Korean Tax Newsletter (November, 2020)

Korean Tax Newsletter is a monthly publication of Deloitte Anjin LLC. We hope you will find useful information in this newsletter.

▲ News from the tax authorities 

Proposed taxation of retained income of individual-like corporations
On 29 October 2020, Korea’s Ministry of Economy and Finance (MOEF) proposed an enforcement decree amendment that would adopt taxation of the retained income of individual-like corporations established for the purpose of avoiding income tax on interest and/or rental income (also known as “passive business corporations”).
The proposal would define a passive business corporation as a corporation deriving 50% or more of its income from passive sources such as the disposal of real estate, stocks, bonds, etc. for two consecutive years.
  • The corporation’s retained earnings reserved for employment, investment, and R&D expenses within the next two years would be excluded from taxation, and corporations with passive income of less than 50% would not be subject to this rule. 
  • Other corporations such as start-ups, SMEs, or any other corporations established and ruled under the separate laws that promote business incentives also would be excluded.

The MOEF will continue to consider and collect opinions from business leaders on the proposed enforcement decree amendment.

▲Tax rulings 

1. A corporation investing in another corporation through an in-kind contribution may continue to be eligible for the tax deferral benefit under the relevant qualified restructuring clause in the Korean Corporate Income Tax Law (CITL). (MOEF Bupinsejegwa-1230, 2020.09.21) 
A corporation that utilized the tax deferral benefit under the former Korean Tax Incentive Limitation Law (TILL) by recognizing the loss on the reserve relating to its contributed shares in an invested company will be able to apply the relevant qualified restructuring clause in the CITL and continue to benefit from the tax deferral.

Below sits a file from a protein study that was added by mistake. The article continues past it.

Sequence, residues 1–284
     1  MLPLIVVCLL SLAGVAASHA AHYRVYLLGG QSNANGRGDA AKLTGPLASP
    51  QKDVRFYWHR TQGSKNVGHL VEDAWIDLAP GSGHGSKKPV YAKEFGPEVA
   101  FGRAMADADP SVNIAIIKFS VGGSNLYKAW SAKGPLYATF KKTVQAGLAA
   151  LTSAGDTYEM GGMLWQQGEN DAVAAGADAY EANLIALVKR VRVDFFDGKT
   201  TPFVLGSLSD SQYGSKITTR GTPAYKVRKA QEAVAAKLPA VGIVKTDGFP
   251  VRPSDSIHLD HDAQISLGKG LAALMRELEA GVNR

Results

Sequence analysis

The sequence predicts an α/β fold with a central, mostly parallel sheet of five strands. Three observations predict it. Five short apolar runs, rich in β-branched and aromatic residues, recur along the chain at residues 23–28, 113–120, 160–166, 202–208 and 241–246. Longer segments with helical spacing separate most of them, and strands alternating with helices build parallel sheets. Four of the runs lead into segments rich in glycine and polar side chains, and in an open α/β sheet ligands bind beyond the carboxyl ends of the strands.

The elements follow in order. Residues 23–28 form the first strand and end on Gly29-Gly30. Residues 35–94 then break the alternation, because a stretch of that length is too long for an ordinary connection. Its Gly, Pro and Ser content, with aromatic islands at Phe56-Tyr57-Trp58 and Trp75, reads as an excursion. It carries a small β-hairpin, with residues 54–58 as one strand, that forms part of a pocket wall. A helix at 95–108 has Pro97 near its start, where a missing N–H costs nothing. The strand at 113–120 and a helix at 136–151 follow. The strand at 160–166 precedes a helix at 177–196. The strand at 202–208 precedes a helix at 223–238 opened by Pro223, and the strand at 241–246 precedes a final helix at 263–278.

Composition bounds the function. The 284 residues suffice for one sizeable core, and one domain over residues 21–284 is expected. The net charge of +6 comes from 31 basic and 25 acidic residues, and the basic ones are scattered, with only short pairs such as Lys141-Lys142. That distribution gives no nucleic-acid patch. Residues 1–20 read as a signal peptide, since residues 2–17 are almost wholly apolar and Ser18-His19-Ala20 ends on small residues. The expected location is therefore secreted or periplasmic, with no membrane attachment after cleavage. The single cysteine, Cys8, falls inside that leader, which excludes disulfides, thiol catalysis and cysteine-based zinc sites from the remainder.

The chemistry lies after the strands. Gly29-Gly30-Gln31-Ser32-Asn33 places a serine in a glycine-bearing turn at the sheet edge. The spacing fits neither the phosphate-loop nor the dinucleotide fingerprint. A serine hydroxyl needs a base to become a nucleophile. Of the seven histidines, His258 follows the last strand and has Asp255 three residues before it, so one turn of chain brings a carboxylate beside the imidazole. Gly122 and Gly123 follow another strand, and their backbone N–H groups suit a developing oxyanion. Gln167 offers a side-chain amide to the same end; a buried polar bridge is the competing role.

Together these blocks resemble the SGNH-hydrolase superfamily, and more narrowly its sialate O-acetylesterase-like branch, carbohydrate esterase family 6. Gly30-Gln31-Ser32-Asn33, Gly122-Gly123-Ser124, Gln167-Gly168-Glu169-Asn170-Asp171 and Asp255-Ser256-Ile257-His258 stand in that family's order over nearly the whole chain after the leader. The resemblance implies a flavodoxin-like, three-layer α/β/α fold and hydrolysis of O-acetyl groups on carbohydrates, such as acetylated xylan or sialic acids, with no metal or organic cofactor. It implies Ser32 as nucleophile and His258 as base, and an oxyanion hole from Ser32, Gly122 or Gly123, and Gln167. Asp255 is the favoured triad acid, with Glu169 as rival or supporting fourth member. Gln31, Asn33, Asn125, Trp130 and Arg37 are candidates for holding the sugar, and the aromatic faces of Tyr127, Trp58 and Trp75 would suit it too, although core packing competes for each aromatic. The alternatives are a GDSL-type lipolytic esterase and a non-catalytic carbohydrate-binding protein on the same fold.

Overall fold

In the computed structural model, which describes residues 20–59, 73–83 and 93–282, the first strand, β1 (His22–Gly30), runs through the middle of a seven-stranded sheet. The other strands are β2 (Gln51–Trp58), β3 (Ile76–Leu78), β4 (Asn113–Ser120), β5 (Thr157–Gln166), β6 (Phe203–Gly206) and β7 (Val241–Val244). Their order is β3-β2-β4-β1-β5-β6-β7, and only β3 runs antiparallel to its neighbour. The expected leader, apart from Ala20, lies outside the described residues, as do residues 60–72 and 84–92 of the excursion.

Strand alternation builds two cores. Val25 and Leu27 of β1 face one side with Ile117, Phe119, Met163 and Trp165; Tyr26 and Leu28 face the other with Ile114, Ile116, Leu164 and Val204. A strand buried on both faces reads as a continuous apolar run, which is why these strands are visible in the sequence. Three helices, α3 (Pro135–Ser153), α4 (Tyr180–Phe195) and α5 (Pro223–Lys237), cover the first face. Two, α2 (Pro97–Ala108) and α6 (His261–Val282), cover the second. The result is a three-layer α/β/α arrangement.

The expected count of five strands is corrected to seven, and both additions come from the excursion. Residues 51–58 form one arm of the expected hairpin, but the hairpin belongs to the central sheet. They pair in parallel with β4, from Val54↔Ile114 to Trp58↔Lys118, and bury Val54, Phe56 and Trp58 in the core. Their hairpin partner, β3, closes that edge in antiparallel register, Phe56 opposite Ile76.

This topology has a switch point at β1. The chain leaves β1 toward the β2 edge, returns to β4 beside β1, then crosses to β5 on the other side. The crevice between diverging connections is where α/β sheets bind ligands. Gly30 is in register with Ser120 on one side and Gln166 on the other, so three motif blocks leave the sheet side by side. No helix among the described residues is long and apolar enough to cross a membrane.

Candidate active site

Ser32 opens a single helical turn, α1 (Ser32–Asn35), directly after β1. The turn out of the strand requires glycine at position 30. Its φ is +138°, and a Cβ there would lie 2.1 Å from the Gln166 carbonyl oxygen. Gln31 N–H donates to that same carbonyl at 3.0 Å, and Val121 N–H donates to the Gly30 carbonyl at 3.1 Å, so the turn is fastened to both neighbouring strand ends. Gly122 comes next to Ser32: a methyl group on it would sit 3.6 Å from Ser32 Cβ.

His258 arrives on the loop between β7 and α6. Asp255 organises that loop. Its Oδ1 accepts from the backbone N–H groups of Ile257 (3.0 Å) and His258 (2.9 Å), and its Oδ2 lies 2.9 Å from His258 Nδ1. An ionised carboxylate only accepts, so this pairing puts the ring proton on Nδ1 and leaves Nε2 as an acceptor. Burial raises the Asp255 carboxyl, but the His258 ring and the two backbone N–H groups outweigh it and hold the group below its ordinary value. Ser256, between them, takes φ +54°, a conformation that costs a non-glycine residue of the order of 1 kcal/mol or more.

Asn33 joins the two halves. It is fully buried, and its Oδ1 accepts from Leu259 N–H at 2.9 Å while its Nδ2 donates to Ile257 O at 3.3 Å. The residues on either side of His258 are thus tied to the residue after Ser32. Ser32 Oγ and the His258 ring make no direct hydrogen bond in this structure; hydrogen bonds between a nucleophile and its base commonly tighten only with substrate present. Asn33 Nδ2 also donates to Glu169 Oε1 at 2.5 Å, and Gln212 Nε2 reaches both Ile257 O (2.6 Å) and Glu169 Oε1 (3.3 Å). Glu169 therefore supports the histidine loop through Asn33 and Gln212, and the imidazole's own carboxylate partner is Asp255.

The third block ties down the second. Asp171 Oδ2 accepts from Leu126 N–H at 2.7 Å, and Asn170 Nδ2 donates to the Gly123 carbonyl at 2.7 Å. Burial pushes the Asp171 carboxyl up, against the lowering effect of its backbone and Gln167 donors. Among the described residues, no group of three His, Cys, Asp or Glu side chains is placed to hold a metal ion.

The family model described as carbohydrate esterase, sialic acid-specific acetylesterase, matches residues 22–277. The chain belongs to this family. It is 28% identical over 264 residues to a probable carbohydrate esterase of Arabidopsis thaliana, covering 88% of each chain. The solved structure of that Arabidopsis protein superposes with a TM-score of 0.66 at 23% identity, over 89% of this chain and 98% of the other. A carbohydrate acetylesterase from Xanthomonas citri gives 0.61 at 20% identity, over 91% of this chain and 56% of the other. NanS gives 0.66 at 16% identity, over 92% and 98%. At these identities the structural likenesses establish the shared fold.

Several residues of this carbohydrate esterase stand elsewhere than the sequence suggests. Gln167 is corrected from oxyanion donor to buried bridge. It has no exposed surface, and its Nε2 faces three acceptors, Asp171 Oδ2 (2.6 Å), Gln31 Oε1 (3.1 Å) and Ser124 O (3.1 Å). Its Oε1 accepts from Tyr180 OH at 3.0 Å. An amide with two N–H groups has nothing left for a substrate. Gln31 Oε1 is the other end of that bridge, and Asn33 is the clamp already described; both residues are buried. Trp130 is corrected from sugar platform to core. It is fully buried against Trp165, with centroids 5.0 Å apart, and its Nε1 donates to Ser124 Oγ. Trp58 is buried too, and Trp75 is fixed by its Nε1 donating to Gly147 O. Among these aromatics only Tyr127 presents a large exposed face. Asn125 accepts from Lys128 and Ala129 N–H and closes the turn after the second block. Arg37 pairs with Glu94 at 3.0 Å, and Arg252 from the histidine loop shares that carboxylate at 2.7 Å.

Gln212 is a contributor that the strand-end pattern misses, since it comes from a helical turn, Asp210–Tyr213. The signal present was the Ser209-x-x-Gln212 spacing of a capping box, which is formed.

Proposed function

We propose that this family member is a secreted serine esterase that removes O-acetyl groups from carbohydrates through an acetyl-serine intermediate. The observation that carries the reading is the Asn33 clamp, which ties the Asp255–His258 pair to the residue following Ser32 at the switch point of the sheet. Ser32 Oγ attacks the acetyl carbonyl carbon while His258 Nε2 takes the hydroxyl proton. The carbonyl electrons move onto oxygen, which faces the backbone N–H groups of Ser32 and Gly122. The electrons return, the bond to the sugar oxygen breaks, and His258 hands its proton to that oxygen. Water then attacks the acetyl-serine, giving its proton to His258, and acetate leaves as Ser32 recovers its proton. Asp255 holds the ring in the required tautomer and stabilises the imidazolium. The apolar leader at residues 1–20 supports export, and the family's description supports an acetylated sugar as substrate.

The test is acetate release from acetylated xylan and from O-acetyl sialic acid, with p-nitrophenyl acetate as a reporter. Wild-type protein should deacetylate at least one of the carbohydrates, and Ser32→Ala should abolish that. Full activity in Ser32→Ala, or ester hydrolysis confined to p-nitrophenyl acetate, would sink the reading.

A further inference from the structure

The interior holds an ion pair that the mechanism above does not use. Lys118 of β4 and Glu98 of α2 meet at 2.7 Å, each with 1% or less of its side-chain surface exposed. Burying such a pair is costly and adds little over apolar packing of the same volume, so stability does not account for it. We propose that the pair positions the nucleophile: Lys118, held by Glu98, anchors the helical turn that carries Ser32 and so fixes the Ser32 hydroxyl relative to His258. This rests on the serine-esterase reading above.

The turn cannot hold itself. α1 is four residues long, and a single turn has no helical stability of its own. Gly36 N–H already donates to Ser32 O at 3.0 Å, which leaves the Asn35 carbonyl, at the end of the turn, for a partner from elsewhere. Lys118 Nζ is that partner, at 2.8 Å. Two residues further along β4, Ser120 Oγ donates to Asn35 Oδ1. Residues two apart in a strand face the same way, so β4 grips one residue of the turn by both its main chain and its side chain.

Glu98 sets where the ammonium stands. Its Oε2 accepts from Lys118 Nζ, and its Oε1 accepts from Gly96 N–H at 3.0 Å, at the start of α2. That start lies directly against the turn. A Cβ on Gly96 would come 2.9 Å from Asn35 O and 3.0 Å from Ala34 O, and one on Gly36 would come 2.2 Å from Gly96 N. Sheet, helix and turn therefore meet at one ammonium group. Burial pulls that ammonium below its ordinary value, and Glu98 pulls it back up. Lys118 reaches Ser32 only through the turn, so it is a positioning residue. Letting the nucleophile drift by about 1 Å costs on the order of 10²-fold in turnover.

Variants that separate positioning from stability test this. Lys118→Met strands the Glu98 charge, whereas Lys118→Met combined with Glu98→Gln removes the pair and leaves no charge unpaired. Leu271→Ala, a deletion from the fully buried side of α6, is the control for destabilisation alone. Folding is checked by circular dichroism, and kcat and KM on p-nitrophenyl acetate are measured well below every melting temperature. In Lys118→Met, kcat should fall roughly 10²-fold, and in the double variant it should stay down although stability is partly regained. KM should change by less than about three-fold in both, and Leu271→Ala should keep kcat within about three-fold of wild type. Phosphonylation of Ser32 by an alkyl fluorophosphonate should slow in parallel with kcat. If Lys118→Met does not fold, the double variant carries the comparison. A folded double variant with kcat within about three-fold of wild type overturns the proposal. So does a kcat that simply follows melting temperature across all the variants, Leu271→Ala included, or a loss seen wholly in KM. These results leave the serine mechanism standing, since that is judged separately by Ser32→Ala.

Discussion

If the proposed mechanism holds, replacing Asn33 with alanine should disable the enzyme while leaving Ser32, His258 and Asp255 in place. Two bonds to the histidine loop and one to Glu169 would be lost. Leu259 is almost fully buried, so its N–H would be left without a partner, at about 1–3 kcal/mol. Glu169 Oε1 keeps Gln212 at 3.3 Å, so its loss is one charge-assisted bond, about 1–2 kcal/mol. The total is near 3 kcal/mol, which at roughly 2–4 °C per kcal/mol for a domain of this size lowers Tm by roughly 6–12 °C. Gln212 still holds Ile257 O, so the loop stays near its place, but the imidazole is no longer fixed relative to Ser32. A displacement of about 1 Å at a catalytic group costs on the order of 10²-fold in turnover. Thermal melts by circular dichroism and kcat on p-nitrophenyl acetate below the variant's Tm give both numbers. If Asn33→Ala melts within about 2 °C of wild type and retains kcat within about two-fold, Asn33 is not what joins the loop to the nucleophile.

2. A taxpayer that unknowingly received misrepresented VAT invoices was determined not to be at fault, due to the fact that it performed normal due diligence and the amount of misrepresentation concerned was less than 1% of total purchases.(Josim2019kwang4339, 2020.09.17)
  • Facts and Background
    • The taxpayer is a scrap material wholesaler without its own storage, and purchased materials from a scrapper that delivered the materials directly to the taxpayer. The tax authorities issued a VAT assessment to the taxpayer on the grounds that the tax invoices received from the scrapper differed from the facts and, therefore, were misrepresented.
    • The taxpayer claimed that it performed the normal due diligence to confirm the scrapper’s business, and had no malicious intent to omit or falsely report the transaction, and hence should not be subject to the additional VAT assessed.
  • Ruling
    • The tax tribunal ruled that the taxpayer did now know that the invoices were misrepresented and should not be penalized for the following reasons:
      • The taxpayer visited the scrapper’s business site to confirm its business and its ability to carry out normal business operations. The taxpayer provided proof of the visit (e.g., photos taken during the visit, credit card statements for the site visit expenses, copies of the scrapper’s business registration, business cards, etc);
      • The amount of the purchases from the scrapper were less than 1% of the taxpayer’s total purchases for the fiscal year (FY2014), and hence considerably difficult to fully verify; and
      • The taxpayer fully paid the purchase amounts and the VAT thereof to the scrapper and has not received a refund.

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For further questions or inquiries, please kindly contact representatives listed below.

Inbound Tax Leader, Scott Oleson, +82 (2) 6676-2012 /
Inbound Tax Leader, Hong Seok Han : +82 (2) 6676-2585 /
M&A Tax Partner , Young Pil Kim : +82 (2) 6676-2432 /
BPS Tax Partner, Park Sung Han, +82 (2) 6676-2521 /
TP Partner, Lee Yong Chan, +82 (2) 6676-2828 /
GES Partner, Seo Min Soo, +82 (2) 6676-2590 /

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